Tuesday, December 16, 2014

A Few Changes

December 15. 2014

Hey guys,
It seems like it’s been a while since last emailing you--even though I only missed last week. There has been quite a bit of change since the last time I wrote. Here is what has happened:

My comp and I received a call to go to the mission office to go to a training meeting. I expected this to take place because we had done a meeting half through my training to talk about how things were going. At that time, they said that we would do another at the end of my training. So when they called, that was what I was expecting. (By the way, in case you didn’t pick up on it, I have finished training!) Once we got to the mission home, I realized that it was actually a meeting for future trainers—meaning that either I would be a trainer, or my comp would train another missionary. (I haven’t heard of Americans training right after their training, but maybe it is something the Mission President wants to start.) I expected that if I were to train, that I would train either an Ivorian or a Congolese missionary as they are African and speak French. Saturday night, I waited to get the call from the mission office—it didn’t come in until 11:00 at night.  I had been asleep, so the call woke me. It was the assistant who asked if I wanted to know where I was going. (Going? What do you mean going?) I then learned that I would be opening a new sector in Porto Novo, the historic capitol of Benin that is known for its large Muslim population.

Then they asked if I wanted to know who I would be training, and told me I would be training an American. (WHAT?!?!) That has literally never happened—ever. They rarely put Americans together as regular companions. And they have never ever put an American as a trainer for an American—much less an American who hasn’t even been in the field for 3 months.

So lots of bizarre firsts.

I am now in Porto Novo with Elder Barnes who comes from Albuquerque. We will have to start from scratch with finding investigators in an area that is known for Muslims and Voodoo. This should be interesting.

We have 6 Elders in our apartment: Myself, Barnes, Peterson from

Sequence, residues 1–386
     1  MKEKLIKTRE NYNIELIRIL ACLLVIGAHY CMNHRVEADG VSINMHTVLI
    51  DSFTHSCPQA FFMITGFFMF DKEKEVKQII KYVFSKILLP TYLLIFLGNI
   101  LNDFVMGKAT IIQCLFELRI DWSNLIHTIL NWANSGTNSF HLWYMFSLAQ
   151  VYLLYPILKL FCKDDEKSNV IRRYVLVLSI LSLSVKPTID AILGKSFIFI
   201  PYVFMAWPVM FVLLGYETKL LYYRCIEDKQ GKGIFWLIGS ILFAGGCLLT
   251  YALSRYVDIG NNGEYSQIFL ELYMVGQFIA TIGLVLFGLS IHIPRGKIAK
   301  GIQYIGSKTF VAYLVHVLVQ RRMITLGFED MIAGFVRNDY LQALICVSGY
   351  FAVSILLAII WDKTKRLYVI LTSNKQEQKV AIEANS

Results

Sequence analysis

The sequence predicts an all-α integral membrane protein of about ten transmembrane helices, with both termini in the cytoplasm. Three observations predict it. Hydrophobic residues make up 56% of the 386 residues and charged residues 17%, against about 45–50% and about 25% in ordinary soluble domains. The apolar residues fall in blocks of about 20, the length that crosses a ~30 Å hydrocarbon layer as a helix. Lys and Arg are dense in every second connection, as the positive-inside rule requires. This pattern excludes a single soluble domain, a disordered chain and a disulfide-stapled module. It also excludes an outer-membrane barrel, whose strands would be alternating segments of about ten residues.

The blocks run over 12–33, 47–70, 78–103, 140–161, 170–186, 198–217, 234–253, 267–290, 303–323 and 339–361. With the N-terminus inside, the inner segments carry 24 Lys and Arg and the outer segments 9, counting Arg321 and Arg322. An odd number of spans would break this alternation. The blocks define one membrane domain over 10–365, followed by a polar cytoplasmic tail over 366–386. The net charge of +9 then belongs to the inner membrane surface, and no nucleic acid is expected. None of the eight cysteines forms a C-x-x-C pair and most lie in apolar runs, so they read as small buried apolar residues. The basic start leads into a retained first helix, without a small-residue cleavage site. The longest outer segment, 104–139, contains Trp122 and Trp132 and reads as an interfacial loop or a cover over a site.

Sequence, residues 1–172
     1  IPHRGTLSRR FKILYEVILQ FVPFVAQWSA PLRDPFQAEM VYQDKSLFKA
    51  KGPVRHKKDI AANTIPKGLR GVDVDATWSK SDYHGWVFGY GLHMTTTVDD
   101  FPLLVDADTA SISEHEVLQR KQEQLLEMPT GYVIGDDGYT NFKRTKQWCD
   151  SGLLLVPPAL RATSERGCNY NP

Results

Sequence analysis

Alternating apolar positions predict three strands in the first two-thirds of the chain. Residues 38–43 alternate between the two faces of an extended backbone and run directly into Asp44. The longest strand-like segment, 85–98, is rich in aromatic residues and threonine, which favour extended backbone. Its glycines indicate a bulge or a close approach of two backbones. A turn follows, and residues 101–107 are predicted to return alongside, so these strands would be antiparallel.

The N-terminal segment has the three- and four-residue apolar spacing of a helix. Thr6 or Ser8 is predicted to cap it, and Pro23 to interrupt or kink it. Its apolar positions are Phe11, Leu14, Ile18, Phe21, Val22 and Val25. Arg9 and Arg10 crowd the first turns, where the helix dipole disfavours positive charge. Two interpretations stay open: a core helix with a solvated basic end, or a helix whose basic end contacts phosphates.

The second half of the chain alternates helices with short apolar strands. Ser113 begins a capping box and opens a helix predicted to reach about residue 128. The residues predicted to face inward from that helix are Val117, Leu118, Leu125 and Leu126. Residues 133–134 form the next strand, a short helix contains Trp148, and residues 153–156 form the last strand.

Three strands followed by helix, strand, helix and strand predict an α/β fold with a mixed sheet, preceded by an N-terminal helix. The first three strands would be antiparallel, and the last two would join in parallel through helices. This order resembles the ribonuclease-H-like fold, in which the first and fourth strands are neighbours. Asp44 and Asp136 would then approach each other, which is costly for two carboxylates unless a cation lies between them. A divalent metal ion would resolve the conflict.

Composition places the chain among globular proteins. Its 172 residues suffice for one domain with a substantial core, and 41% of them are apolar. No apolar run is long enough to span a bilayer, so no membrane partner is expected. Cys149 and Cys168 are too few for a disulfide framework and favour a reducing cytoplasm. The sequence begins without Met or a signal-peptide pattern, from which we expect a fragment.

Oregon, Mayamba from Congo, Rich, from Utah, and Konan from Cote D'ivore. (Mom, I hope you didn’t write the names of my former roommates on the Christmas stockings you sent in the package!) We only have 1 shower here, and it doesn’t work. The other Elders have been here awhile and started a small branch. For now we are working in their area, but soon Elder Barnes and I will move to a new area in Tokpota with another companionship and open a new group from scratch.

To answer your question Mom, yes I shaved my head but don’t worry, I haven’t gotten a sunburn yet.

I am doing well. We have a few amis (investigators) here already. We need to find more, of course.  When we leave this area, we will turn all of our amis over to the other Elders and start from scratch in our new area. It is all good.

An observation since changing sectors. The children here will dress in masks with a sweater to cover all their skin. And they wear hula skirts made from paper. Following behind will be a whole band of other children banging on drums and making lots of noise. They try to dance for money, and when they see a yovo, they will not let you say no. They grab onto you and try to stop you, all while screaming, banging on drums and demanding money. You try to get by, and then all the adults will start saying, “Just give them money, they are entertaining you.” It can be challenging to get around as we run into a different group every 3 or 4 minutes.

The cyber café here is much better, so I will send a few photos.

Love you,
Elder Walls

The roads in Cococodji

 Red dirt and white shirts don't mix!

Another road--rainy season

 First baptism

 The craziest kids I know!

 Sr Rose et Moi. Her mother was one of my first baptisms

 The family Delphine

 Just doing some door to door proselyting!

 Me and my favorite Ghanaian

Seka getting excited for Christmas